The Chinese Foreign Minister Wang Yi is in India ostensibly to inspect the arrangements for the BRICS summit in Goa later this year. His more immediate task is to explore just how determined the Modi govt is to stick to the line it has taken on the South China Sea dispute, where India has joined with the US and Japan in urging Beijing to respect the Hague verdict rejecting China’s expansive nine dash line claims in the Sea. It is solidifying of the regional opinion around these Big Three that Beijing wishes to thwart.
He met today with the External Affairs Minister Sushma Swaraj, whose brief was to see if Beijing would cede ground on its veto to India’s entry into the Nuclear suppliers Group. Considering, the PMO runs the MEA, Swaraj was on short reins, but implicit in her task was freedom accorded her to hint to Wang that some kind of deal was possible — Beijing’s support for India’s NSG membership in return for New Delhi being less strident on the South China Sea (SCS) issue, because surely it cannot entirely disown the principle of freedom of navigation and the UNCLOS (UN Convention on the Law of the Sea) that the International Court of Arbitration upheld.
Wang is here to do just the reverse, extract a promise of support on the SCS while yielding less than nothing on the NSG veto but to talk nevertheless, albeit very vaguely, of a “compromise” in the hope that PM Modi — keen on Chinese investment in Indian infrastructure projects in particular and eager for a BRICS summit success, can be suckered into making concessions.
It is this possibility that ought to worry the Indian people the most. Modi sees the BRICS Goa Meet as a means of balancing his overt tilt to America. But this works to China’s advantage because Beijing will ask for India, at a minimum, remaining “neutral” in the SCS dispute while retaining its veto on NSG, because President Xi Jinping will reasonably surmise that Modi is more in need of Chinese have, than he is in need of India’s on SCS — after all Beijing is dealing directly with Washington to muzzle its backing, for a start, to the Philippines.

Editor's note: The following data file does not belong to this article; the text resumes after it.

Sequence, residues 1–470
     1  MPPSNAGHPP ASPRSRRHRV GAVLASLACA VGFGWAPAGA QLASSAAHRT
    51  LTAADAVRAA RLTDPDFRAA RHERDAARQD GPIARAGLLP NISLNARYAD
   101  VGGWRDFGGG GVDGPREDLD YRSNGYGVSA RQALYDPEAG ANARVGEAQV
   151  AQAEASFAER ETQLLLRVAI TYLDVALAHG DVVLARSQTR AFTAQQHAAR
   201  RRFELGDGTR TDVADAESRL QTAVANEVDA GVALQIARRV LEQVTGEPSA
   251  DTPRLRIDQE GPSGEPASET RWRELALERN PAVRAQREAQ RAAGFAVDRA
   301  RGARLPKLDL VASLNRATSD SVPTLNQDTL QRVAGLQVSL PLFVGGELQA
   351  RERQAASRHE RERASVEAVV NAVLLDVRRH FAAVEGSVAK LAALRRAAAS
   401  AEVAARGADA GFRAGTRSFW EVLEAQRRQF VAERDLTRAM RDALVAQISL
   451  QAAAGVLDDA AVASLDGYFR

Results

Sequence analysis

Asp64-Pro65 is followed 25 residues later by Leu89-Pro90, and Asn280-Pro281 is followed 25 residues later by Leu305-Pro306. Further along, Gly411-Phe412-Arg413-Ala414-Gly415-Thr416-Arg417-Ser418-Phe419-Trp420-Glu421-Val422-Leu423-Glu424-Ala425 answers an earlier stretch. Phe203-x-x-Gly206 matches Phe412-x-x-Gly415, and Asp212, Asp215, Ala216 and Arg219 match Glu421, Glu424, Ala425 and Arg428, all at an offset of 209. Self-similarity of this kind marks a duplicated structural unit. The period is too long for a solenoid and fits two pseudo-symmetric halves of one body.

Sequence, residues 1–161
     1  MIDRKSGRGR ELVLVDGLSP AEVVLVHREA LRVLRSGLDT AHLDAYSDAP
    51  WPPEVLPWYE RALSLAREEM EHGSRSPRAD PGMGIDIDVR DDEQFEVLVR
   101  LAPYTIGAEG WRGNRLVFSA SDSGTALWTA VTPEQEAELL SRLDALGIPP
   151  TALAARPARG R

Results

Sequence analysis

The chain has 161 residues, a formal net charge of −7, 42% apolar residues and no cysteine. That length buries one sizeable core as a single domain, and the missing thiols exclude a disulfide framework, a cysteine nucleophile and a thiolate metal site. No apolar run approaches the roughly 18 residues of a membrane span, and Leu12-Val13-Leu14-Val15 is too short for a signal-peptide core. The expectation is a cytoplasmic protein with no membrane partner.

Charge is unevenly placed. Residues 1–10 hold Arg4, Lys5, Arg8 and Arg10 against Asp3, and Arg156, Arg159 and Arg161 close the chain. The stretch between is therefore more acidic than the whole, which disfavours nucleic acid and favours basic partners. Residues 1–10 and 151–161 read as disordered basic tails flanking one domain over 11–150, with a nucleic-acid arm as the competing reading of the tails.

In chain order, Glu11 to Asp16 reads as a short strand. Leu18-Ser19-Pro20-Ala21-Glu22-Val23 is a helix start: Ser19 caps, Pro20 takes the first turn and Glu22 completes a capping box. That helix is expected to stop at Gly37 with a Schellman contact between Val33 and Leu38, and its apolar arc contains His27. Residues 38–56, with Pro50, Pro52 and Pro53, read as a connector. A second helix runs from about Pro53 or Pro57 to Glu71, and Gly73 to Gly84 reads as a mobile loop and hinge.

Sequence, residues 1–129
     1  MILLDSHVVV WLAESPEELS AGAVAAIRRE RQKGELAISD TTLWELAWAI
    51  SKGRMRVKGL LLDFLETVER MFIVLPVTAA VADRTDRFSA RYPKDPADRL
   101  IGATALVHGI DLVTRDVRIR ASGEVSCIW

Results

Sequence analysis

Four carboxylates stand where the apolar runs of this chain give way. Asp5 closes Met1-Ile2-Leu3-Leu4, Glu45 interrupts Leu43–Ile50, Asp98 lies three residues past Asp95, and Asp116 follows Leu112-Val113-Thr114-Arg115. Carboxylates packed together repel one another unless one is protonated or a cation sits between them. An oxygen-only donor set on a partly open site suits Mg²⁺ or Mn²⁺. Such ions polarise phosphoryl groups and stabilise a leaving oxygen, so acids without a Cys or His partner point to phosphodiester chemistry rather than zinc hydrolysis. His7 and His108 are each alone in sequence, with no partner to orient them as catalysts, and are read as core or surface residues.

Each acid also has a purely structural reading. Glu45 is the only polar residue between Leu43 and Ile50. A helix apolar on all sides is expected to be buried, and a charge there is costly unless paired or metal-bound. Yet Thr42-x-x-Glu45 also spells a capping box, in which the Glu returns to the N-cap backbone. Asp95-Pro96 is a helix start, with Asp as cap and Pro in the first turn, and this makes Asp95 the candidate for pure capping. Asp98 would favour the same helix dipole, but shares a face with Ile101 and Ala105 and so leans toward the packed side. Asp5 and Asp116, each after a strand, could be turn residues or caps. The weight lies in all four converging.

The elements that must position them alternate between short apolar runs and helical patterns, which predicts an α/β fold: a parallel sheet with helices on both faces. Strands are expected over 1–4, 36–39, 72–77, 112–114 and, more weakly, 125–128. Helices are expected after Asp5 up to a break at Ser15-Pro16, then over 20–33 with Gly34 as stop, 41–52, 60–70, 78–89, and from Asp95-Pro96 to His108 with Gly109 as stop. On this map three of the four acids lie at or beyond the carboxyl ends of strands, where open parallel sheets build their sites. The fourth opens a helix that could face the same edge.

Time and again, Modi has sprung a surprise, departed from the agreed upon policy line or game plan, even as Foreign Secretary Jaishankar and his colleagues in MEA in attendance have been nonplussed by the prime minister’s usually wrong moves for the wrong reasons. Sushma may not have committed to anything in the way Wang would have liked her to, but what is crucial are the impressions about the “give” in China’s NSG position that she conveys to Modi. If she mistakes Wang’s ambiguous words — and the Chinese interlocuters since Zhouenlai have been masters of ambiguity, as indicating some movement forward, then Modi may jump to conclusion — and whatever happens in the formal talks — will exercise his uniquely personalized diplomacy in Goa in October to offer what Xi wants in the expectation the Chinese President will reciprocate, when actually he will do nothing of the kind.
Playing the Game on Chinese terms is to be at the losing end. It is best, GOI points out that there is really no connection between the two issues — SCS is a global commons matter of universal concern and affecting global trade, NSG membership is only an Indian concern, and the twain don’t meet. Modi could, however, emphasize how there are many states in the SCS region fearful of China which have approached New Delhi for help and assistance and that with a few of them, such as Vietnam, Indian has direct and substantive energy and other economic interests that need to be protected. It is the scale of naval and military effort India may deploy in SCS that can be calibrated to minimize offence to China while requiring Beijing accommodate India on NSG by abstaining from the vote. This is the only deal that won’t imperil India’s strategic options and interests. Should this be made clear to Wang, and China is found agreeable, Modi will have the plank to grandstand in Goa.